State 1999-2000 rates (km2 year-1) 2000-2001 rates (km2 year-1) 2001-2002 rates (km2 year-1)
Logged Deforested Logged Deforested Logged Deforested
Acre 64 547 53 419 111 727
Mato GrossoView inline 13,015 6,176 7,878 7,504 7,207 6,880
Pará 5,939 6,671 5,343 5,237 3,791 8,697
Rondônia 773 2,465 923 2,673 946 3,605
Roraima 32 253 55 345 20 54
Total 19,823 16,112 14,252 16,178 12,075 19,963
  • View inline* Only the northern 58% of Mato Grosso containing forested lands was included in the analysis.

  • Conservation units such as indigenous reserves, parks, and national forests generally afforded protection against logging. However, exceptions included areas in northern Mato Grosso, where up to 53, 291, and 50 km2 of logging were measured each year in the Xingu, Aripuanã, and Serra Morena indigenous reserves, respectively (Fig. 1). In the southern portion of Pará state, major logging disturbances were observed in the Menkragnoti and Kayapó indigenous reserves, with up to 261 and 198 km2, respectively, detected each year between 1999 and 2002. Federal forest reserves of Acre, Gorotire (Pará), and Juruena (Mato Grosso) were harvested for timber at rates of up to 23, 90, and 380 km2 each year, respectively.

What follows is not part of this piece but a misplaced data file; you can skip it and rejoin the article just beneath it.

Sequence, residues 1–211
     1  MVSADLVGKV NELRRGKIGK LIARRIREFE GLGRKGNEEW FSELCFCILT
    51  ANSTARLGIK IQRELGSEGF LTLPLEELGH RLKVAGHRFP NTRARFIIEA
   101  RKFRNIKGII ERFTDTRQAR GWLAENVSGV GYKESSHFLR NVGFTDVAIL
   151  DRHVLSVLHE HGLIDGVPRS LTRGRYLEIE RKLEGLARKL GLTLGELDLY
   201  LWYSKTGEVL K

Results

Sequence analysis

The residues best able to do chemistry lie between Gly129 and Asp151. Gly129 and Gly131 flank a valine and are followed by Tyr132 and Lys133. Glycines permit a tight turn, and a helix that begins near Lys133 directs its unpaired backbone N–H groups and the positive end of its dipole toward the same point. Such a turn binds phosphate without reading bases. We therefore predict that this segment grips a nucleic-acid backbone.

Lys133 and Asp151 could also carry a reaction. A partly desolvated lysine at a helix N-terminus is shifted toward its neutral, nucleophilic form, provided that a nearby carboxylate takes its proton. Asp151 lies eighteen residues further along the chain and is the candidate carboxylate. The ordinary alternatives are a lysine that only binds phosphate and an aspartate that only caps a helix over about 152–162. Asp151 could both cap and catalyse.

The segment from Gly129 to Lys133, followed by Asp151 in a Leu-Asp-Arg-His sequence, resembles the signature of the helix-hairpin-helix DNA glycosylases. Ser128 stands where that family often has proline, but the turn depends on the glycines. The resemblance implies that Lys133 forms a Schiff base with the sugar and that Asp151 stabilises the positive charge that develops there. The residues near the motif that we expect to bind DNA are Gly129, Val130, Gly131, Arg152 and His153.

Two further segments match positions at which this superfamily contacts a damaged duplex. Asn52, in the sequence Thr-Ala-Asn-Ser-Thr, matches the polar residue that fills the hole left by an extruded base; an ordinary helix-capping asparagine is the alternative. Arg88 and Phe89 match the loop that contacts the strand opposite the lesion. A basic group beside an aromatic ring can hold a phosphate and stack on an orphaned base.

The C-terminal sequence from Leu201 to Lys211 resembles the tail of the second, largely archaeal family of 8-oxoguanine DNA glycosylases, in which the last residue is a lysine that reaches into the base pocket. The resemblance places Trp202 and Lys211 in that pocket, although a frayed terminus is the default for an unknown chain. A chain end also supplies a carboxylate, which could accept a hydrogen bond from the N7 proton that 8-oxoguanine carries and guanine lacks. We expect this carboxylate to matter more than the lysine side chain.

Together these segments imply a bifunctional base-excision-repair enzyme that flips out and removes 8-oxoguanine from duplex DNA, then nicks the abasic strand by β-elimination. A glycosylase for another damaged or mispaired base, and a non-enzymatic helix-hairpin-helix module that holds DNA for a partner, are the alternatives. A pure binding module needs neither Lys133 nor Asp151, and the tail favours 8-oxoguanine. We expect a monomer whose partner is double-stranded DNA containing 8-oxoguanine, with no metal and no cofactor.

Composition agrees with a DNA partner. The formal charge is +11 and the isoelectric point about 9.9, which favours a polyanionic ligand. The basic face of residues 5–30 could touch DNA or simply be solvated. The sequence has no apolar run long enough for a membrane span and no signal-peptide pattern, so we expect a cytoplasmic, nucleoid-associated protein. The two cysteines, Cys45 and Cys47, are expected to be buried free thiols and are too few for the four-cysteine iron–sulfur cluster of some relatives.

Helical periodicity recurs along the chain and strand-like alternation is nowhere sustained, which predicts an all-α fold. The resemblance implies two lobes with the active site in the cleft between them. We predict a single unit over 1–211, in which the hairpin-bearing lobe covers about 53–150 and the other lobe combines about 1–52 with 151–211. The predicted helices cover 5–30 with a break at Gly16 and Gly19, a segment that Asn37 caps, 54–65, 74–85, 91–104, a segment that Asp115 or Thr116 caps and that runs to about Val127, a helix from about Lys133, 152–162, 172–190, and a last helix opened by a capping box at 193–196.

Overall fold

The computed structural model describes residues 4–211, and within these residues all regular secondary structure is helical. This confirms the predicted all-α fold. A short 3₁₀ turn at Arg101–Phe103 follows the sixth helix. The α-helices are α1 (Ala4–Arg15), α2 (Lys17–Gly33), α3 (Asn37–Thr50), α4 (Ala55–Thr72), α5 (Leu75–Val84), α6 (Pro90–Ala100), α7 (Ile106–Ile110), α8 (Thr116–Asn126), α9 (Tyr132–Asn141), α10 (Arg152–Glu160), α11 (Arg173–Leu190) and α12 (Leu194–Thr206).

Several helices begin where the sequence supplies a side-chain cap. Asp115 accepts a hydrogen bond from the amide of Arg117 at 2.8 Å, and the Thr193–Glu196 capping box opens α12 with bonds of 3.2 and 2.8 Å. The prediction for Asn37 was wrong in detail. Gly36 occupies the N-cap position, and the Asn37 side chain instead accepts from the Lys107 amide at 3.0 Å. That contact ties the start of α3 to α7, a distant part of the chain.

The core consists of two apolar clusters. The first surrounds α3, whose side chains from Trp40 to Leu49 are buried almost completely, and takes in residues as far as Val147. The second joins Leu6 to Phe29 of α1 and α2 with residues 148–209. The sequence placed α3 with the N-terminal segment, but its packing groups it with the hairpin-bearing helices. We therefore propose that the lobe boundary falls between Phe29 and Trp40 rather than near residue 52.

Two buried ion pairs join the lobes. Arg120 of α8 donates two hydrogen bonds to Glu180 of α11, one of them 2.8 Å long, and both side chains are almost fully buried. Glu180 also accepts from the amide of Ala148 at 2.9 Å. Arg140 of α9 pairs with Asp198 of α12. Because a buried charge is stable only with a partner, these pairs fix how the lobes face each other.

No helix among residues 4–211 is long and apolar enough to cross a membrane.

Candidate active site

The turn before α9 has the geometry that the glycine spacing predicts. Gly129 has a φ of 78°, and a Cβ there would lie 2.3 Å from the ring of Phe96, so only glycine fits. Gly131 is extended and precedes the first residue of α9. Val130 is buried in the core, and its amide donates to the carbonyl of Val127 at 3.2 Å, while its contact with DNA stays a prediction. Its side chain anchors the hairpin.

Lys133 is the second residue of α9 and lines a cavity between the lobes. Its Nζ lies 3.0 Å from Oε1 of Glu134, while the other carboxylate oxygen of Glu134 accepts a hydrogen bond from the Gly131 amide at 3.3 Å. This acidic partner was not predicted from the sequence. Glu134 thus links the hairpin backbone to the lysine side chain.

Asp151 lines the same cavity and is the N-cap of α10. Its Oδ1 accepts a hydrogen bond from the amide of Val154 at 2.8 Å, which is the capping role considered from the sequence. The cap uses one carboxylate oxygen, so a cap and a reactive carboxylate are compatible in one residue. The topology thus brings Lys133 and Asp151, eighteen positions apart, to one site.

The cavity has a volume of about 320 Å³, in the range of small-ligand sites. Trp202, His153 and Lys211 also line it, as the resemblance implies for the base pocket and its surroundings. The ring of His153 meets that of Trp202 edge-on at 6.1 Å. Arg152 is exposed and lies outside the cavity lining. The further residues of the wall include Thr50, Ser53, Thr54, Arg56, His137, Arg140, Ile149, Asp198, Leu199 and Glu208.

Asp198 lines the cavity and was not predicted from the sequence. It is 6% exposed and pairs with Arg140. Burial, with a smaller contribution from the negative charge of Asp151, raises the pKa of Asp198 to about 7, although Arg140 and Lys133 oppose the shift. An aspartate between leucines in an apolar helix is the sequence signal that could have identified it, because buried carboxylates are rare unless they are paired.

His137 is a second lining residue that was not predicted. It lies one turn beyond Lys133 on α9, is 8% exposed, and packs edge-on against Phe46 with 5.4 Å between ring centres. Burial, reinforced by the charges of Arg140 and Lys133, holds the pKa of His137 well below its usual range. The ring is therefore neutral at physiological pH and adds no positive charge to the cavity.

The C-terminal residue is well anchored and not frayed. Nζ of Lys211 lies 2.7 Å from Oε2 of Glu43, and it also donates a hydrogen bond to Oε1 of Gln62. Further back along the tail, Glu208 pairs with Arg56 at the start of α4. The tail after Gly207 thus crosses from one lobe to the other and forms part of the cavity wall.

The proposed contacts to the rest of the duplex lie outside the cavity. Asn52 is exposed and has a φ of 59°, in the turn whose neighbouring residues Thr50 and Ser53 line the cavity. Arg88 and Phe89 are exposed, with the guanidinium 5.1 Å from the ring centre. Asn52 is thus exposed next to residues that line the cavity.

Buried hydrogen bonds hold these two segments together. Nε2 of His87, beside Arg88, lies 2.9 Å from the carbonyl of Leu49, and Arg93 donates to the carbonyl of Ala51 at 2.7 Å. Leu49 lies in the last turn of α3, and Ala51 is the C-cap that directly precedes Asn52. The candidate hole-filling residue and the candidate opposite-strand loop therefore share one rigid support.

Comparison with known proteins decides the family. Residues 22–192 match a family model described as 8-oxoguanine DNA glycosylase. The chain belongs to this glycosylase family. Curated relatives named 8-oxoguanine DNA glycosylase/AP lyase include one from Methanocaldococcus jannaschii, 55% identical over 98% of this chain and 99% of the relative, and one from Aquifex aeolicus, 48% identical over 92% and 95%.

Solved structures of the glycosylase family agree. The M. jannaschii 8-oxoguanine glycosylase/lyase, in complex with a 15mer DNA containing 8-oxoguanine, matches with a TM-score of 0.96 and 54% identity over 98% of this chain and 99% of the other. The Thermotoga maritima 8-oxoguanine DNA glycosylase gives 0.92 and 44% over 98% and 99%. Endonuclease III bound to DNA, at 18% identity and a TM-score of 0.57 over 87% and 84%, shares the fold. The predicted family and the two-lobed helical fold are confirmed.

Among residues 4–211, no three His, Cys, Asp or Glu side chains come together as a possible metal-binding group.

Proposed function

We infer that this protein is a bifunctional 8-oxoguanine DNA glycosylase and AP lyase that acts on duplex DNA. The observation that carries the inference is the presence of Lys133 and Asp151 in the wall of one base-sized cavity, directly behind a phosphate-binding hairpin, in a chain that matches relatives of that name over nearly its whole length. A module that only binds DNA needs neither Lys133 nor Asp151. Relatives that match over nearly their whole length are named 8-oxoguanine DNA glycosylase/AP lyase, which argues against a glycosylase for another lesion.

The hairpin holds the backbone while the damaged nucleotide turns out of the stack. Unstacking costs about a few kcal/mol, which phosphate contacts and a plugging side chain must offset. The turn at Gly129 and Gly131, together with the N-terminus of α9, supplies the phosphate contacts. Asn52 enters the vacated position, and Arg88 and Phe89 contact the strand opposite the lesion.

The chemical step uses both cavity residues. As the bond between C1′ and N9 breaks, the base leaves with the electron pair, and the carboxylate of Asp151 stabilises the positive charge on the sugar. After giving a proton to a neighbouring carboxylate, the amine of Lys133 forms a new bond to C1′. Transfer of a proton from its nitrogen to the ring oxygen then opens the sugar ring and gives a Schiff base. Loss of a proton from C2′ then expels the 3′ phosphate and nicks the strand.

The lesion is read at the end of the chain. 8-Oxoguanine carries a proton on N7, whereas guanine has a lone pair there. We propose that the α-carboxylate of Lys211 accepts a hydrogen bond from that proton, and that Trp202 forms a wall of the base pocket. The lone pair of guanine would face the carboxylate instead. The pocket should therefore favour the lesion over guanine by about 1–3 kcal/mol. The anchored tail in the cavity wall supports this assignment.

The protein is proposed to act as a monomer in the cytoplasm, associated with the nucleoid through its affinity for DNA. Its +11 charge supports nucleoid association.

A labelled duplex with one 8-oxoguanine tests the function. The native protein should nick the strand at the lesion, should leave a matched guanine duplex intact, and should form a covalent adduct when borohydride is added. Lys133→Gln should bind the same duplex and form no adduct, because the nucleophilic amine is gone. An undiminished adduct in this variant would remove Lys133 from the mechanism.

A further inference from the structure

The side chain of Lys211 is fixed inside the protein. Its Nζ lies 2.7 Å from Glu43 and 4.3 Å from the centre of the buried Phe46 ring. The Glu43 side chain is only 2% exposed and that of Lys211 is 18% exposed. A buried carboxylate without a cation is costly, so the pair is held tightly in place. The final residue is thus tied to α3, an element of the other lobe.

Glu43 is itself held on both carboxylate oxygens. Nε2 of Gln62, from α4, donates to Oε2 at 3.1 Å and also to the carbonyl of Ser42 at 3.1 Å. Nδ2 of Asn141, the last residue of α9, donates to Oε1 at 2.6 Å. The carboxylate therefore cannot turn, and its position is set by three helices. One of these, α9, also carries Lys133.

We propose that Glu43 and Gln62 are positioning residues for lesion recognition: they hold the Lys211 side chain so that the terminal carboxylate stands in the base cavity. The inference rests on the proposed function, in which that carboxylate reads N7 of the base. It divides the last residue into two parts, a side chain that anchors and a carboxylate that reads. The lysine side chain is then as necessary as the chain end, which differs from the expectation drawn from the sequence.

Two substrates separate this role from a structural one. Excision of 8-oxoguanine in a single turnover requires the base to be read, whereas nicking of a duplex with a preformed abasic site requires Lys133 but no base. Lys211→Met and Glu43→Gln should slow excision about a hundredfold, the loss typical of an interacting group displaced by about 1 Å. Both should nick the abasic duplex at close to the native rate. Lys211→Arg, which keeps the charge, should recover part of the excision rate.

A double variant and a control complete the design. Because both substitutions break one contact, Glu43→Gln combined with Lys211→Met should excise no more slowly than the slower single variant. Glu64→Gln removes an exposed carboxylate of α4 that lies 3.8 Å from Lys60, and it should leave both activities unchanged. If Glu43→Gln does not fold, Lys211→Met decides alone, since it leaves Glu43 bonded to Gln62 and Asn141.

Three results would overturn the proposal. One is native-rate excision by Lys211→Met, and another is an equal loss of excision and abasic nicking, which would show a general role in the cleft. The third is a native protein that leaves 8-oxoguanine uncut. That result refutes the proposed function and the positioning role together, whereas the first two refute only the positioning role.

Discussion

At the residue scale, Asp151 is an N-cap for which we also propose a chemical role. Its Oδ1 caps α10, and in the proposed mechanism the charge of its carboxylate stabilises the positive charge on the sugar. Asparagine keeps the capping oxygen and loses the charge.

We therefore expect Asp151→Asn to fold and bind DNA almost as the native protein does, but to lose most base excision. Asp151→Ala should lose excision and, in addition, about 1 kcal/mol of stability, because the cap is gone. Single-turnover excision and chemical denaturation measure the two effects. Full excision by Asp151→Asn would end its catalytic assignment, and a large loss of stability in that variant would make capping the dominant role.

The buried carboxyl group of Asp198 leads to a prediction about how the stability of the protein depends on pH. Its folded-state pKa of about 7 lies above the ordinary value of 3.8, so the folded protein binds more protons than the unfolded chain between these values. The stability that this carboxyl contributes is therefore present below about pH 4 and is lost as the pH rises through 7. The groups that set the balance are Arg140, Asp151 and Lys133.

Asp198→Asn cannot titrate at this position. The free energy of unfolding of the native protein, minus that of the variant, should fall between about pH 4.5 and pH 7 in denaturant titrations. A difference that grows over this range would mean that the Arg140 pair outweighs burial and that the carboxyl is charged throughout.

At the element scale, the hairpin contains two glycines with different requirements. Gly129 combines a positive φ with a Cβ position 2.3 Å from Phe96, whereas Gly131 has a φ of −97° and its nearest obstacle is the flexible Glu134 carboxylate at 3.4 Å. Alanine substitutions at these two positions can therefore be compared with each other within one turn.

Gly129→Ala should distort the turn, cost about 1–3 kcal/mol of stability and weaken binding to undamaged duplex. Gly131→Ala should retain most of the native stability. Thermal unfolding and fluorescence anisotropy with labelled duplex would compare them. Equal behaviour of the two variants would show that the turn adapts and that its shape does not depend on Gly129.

Extensive field validation studies showed that the detection of canopy damage within CLAS is precise and accurate (17). Field validation studies showed false-positive and false-negative detection rates of only 5%. Uncertainty caused by errors in atmospheric correction of satellite data, cloud cover, annualization, automated logging-area delineation, and manual auditing were 0.7 to 12.8%, individually. After combining all known sources of error, our analysis suggests an overall absolute uncertainty of up to 14% in total logging area.